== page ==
Maranacook baseball coach Eric Brown had lots of returning starters this season, but one clear hole on the team. Dan Garand had guided the Black Bears to the Class C South final last year, and his graduation left a need for someone to replace both his ability and his durability atop the rotation.

That’s a tall order. Brown, however, had the perfect candidate in Jay Lauter, a left-hander who had come on late in his junior season.

“I had a pretty good idea what we had,” Brown said. “I knew he had reached sort of that next level.”

There was no predicting, though, what came next. Lauter was dominant, going 6-0 with a 0.95 ERA and striking out 84 in 44 innings as Maranacook went 16-2 and reached the C South semifinals.

For his performance, Lauter is the Kennebec Journal Baseball Player of the Year. Hall-Dale’s Akira Warren, Gardiner’s Casey Bourque and Cony’s Kyle Douin were also considered.

Maranacook’s Jay Lauter pitches against Waterville during a Kennebec Valley Athletic Conference game Wednesday in Readfield. Kennebec Journal photo by Joe Phelan

“Being a senior, I expected to take over a lot of roles, and I expected to achieve a lot more than I did the previous year,” Lauter said. “I knew I was going to step into the spot and take over for when Garand left. I just wanted to do as best as I could.”

When Lauter was at his best, teams didn’t touch him. Opposing batters hit .084 against him, and never had more than two hits against him in any game he pitched during the regular season. Lauter tossed two shutouts and twice took no-hitters into the fifth inning.

“This kid had something a little more,” Brown said. “A little more special.”

Lauter’s key was mastery of two pitches. One was a slider that broke sharply and that Lauter could throw on any count. The other was a two-seam fastball that, at 84 miles per hour and paired with the ever-present threat of the slider, overwhelmed batters.

“I remember the first time I saw him throw his two-seamer in a bullpen, it was amazing how much it moved,” Brown said. “(And) his slider was just as good as his two-seamer.”

Occasionally, batters would figure him out enough to work the count. That didn’t work either. Lauter’s number was 32 for a reason — he looked forward to full counts.

“I love pressure,” he said. “I love the sport. I’ve always liked watching baseball and seeing the tough situations, so I always try to embrace it. It doesn’t feel like a sport unless you’re challenged.”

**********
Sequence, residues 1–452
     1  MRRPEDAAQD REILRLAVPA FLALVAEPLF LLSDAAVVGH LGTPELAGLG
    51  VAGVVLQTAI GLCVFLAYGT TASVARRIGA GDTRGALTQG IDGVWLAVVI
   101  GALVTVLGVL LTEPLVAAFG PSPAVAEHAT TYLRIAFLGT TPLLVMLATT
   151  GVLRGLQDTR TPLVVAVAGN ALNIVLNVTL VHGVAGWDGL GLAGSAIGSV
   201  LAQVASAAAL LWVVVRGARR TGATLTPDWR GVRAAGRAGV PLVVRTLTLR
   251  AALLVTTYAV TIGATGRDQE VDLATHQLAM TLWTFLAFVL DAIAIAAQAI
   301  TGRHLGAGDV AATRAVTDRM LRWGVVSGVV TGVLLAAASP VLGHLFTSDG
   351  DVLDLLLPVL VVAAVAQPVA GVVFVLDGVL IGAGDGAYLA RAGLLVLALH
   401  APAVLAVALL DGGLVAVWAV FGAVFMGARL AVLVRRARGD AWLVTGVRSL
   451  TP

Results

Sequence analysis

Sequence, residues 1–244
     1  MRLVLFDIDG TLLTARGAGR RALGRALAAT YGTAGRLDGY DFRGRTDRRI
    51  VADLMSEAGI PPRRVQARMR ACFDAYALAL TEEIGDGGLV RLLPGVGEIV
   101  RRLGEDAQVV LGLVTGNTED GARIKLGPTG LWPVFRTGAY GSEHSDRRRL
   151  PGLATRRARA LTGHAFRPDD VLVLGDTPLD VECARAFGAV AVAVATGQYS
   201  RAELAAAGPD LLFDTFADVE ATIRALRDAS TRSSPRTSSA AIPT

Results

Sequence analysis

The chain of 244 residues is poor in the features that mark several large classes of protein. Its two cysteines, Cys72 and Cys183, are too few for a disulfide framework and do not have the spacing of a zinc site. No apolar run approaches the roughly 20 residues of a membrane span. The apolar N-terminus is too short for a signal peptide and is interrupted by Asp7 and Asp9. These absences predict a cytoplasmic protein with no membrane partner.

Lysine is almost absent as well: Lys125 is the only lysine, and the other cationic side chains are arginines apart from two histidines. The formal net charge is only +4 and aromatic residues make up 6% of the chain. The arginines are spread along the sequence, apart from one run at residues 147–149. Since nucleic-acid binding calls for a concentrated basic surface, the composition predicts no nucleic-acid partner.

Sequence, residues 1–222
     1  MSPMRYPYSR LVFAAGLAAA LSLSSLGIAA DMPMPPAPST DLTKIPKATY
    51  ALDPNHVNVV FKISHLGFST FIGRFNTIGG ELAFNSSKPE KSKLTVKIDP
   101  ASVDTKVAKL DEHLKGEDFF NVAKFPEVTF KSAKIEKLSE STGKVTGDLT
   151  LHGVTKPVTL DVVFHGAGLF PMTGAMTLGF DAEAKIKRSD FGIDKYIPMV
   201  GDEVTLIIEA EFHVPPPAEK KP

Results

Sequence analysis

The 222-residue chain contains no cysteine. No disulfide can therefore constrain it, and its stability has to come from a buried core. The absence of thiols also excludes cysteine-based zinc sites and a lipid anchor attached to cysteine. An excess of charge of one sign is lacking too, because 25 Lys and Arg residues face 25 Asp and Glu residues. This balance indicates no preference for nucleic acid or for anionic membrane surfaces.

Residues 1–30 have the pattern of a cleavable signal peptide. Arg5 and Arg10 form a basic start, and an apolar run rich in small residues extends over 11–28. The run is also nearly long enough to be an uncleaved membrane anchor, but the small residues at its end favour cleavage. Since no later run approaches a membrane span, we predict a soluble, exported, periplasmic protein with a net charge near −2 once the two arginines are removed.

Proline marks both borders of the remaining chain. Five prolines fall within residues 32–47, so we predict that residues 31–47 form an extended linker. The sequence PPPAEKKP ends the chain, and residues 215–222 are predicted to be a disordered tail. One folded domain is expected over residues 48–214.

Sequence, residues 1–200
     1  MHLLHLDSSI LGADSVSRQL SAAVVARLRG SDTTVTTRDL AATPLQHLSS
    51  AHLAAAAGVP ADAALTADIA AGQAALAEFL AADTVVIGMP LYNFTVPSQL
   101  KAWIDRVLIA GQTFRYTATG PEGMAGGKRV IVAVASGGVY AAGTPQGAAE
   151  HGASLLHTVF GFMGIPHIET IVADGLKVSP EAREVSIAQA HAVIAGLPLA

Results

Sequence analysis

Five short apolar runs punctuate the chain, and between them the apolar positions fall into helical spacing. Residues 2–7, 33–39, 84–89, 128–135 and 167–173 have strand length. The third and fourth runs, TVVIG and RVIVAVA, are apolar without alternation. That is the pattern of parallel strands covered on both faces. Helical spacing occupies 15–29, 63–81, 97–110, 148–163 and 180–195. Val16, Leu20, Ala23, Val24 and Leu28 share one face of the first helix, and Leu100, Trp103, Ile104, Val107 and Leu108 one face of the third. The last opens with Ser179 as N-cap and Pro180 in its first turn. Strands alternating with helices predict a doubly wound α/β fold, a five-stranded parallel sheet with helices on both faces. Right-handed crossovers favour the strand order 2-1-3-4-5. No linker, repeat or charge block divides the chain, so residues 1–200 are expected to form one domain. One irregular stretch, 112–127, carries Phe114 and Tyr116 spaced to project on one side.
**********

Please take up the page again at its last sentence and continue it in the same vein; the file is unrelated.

Lauter and the Black Bears started the season hot, but he said he didn’t get carried away by the dazzling numbers he was putting up.

“I try to forget about the game before,” he said. “I always feel in a zone during a game, but I never feel it throughout the season.”

Even during those games, Lauter said he didn’t get ahead of himself if he was pitching a gem.

“You’ve got to think about every singular pitch,” he said. “You can’t think about a batter or a certain person you think is going to hit you. You’ve got to go one by one pitch, and you try to win the pitch. If you can’t win the pitches, you can’t win that at-bat. It’s all just building blocks.”

The Black Bears had perhaps the best pitcher in Kennebec Valley Athletic Conference Class B, but there was a growing problem. Lauter hurt his back last summer, and after starting the season pain-free, began to feel the familiar soreness in the third game.

“At first it was a little discomfort, and I would hunch a little bit while I was pitching and it would relieve some of the pain,” he said. “Then, progressively, it worked up and up and up to the point where I went to the doctor and he said it wouldn’t heal until the end of the season.”

After Maranacook beat Mt. Abram in the C South quarterfinals to set up a semifinal matchup with Sacopee Valley, Brown got a text from his ace.

“He said ‘Get (Glen) Guerrette ready, because I may not be able to go tomorrow,’ ” Brown said.

Lauter did go, and at far less than 100 percent, had to battle. He allowed six hits in four innings but held the Hawks to two runs, and still managed to strike out nine.

“I was in tears in the dugout. I was shaking and throbbing,” he said. “I’m just happy I could contribute.”

His last pitch was one of his biggest of the season, a 3-2 fastball that struck out Austin Eastman and left the bases loaded and the game tied at 2.

As he walked back to the dugout, he let out a yell — this time, not in pain, but in triumph.

“He manned up and really fought through it,” Brown said. “It was that important to him. He says he doesn’t care, he doesn’t mind or what have you for most things, but I think he does. I think, deep down, things are important to him to do well and be there for his teammates.”

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